Results of investigation of the process of making a video sequence to identify design rationales for a supporting system in collaboration with a professional video artist Development of a prototype system called “Knowledge Nebula Crystallizer for Time-based Information (KNC4TI)” that supports the process based on the investigation Plans for extending the KNC4TI system to a generative system
2. RELATED WORK
In composing a video sequence, an editing tool i s indispensable. Traditionally, conventional video editing equipment has been designed for industrial video productions which are different to those of artists. While industrial video production needs tools to organise a certain video sequence
Shibata [15, 16] have claimed the importance of an integrated environment that supports entire process of creative activities, as the process is composed of sub processes (e.g. the generating process and the exploring process ) and they are inseparable. In our study, we also regard this concept of integration important and implement to realise the integration.
a part, and between conceptual and represented world will support this design process.
3.1 Roles of Sketching
Sketching plays significant roles that existing software does not cover. Sketching allows designers to:
3. A CASE STUDY
We have investigated the process of making a video sequence to identify design rationales for development of a video authoring tool that fits to designers’ cognitive processes. It was a collaborative work with an experienced video artist (we call the artist “participant” in this paper). As the participant originally had a plan to compose a video clip, we could observe a quasi-natural process of making a video sequence. Retrospective reporting of protocol analysis , questionnaires and interviewing methods were analysed. Overall tendencies are summarised as below:
Externalise designer's multiple viewpoints simultaneously with written and diagrammatic annotations Visualise relationships between the viewpoints that the designer defines
In the following sections we discuss how these two features work in the process of making a video sequence.
3.1.1 Written and diagrammatic annotations for designers' multiple viewpoints
Conceptual works such as considering whole structure of a piece, semantic segmentation of a material movie are conducted on the participant’s sketch book Software is mainly used for: o o Observing what is really going on in a material video sequence Implementing the result of his thoughts in his sketch in response to what is seen o n the software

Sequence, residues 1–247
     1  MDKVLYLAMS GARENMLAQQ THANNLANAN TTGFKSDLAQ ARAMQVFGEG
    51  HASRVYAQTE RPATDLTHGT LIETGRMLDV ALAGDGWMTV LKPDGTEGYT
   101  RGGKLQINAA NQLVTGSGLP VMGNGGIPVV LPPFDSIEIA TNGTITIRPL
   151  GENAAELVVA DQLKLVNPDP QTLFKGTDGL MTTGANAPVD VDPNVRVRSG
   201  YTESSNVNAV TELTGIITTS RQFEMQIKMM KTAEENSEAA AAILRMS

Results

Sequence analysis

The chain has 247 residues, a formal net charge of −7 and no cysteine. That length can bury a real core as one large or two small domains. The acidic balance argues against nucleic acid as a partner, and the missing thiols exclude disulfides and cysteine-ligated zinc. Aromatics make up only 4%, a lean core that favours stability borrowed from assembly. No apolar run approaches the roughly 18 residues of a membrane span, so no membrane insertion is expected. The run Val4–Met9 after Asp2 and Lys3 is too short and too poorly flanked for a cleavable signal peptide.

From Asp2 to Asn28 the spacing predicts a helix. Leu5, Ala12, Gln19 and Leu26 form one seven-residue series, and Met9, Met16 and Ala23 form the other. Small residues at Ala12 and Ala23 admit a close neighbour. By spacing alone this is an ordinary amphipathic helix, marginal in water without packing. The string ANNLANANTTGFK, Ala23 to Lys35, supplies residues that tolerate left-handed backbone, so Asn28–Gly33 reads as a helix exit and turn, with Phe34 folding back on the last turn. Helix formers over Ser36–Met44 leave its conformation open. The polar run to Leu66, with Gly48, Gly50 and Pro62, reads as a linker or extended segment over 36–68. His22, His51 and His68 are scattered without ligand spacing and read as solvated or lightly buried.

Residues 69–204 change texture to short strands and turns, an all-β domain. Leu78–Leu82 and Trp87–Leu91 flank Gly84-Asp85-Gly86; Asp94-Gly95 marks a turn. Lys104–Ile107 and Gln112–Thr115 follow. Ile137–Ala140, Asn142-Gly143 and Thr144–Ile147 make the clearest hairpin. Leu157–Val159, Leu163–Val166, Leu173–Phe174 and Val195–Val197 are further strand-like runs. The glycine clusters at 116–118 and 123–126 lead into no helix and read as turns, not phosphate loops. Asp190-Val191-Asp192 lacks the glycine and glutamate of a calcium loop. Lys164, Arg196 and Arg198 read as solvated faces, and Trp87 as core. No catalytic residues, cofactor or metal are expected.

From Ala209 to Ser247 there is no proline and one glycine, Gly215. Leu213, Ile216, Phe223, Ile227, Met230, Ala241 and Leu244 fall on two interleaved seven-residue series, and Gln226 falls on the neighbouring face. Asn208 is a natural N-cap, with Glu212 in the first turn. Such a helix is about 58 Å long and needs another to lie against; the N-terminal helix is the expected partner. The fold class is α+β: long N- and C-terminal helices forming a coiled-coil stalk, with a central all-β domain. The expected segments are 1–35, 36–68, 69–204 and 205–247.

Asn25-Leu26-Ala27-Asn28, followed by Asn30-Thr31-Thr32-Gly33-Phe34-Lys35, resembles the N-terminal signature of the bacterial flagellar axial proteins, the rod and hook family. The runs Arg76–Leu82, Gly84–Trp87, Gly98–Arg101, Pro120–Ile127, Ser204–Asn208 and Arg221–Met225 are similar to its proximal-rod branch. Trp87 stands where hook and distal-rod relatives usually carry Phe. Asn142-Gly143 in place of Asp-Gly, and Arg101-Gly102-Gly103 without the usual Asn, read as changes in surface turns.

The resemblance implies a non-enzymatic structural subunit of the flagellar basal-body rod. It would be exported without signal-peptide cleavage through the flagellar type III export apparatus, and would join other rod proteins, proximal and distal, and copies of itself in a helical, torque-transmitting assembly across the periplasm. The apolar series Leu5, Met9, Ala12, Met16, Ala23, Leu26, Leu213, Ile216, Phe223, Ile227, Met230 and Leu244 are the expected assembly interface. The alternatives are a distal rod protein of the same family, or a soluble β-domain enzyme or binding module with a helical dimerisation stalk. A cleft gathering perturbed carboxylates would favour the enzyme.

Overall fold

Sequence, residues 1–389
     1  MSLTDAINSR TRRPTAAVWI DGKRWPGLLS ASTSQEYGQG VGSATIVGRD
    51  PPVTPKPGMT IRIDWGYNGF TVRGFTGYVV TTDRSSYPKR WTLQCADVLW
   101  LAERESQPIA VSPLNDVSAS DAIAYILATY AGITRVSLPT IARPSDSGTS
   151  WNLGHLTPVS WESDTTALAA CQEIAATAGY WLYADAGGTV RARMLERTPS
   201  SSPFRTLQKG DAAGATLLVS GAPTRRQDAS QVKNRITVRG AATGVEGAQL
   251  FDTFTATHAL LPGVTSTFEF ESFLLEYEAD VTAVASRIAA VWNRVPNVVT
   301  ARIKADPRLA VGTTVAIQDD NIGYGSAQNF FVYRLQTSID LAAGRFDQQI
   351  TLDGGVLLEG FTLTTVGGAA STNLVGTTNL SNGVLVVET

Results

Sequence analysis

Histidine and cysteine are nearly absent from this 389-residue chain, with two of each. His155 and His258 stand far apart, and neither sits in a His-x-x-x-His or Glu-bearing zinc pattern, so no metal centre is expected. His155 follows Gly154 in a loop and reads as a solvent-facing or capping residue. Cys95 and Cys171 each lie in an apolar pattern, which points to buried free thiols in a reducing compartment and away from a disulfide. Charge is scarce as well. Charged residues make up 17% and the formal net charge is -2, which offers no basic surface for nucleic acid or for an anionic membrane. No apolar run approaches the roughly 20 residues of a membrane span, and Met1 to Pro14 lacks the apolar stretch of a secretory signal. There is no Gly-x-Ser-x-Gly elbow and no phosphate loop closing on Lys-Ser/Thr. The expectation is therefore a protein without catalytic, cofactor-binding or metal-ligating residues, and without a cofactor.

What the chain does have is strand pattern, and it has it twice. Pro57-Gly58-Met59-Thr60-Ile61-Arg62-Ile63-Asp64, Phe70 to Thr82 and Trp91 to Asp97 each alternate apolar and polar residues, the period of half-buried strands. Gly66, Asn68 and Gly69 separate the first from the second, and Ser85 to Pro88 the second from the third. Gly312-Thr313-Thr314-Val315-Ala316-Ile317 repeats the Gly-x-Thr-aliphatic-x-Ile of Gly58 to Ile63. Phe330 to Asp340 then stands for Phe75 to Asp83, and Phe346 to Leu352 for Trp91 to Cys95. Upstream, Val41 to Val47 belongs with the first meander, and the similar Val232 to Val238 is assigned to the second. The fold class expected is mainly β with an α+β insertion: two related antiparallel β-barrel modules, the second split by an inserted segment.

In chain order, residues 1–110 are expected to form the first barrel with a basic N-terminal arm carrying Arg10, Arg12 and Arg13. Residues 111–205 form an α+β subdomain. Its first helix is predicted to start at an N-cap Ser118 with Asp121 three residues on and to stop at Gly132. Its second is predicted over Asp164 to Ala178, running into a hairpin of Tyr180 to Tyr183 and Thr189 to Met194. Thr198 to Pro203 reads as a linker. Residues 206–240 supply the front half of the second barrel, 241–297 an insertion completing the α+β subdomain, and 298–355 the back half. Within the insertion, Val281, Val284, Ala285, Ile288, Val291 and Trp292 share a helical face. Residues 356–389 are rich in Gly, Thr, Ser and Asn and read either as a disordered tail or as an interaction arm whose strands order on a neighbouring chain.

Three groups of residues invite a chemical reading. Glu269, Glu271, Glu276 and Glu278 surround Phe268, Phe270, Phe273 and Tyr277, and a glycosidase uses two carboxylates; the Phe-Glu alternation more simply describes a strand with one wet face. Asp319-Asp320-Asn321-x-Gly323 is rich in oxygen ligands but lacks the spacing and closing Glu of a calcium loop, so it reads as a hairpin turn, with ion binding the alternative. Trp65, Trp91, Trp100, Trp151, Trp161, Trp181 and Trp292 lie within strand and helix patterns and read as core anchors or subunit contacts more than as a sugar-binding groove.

Figure 1 shows the participant's sketch. Each of the six horizontal rectangles in Figure 1 represents the entire material video. They all refer to one same video sequence with different labels so that he can plan what should be done regarding t o each element that he decided to label. From the top to the bottom they are labelled as follows (shown in (1) Figure 2): Movements: movements of physical objects such as person coming in, a door opening, etc. Sound levels: change of sound volume Sound image: types of sounds (e.g. "voices", etc.) Pic (= picture) level: change of density of the image Pic image: types of the images Compounded movements: plans
The analysis shows that conceptual design processes are separated from implementation processes, while they cannot be separated with each other. Design process is regarded as a "dialog" between the designer and his/her material . Facilitating designers going back and forth between whole and
Figure 1 The participants' sketch
These elements are visualised in the sketch based on the timeline conventions. Although some of the existing video authoring tools present sound level with timelines as the second rectangle shows, existing software allows limited written annotations on a video sequence, and eventually i t does not provide sufficient functionality for externalising multiple viewpoints. Especially the top sequence labelled as "movement" is conceptually important in making a video sequence, which is not supported by any video authoring tools. As (1) in Figure 2 shows, a mixture of written and nondiagrammatic annotations works for analysing what is going on in the material sequence.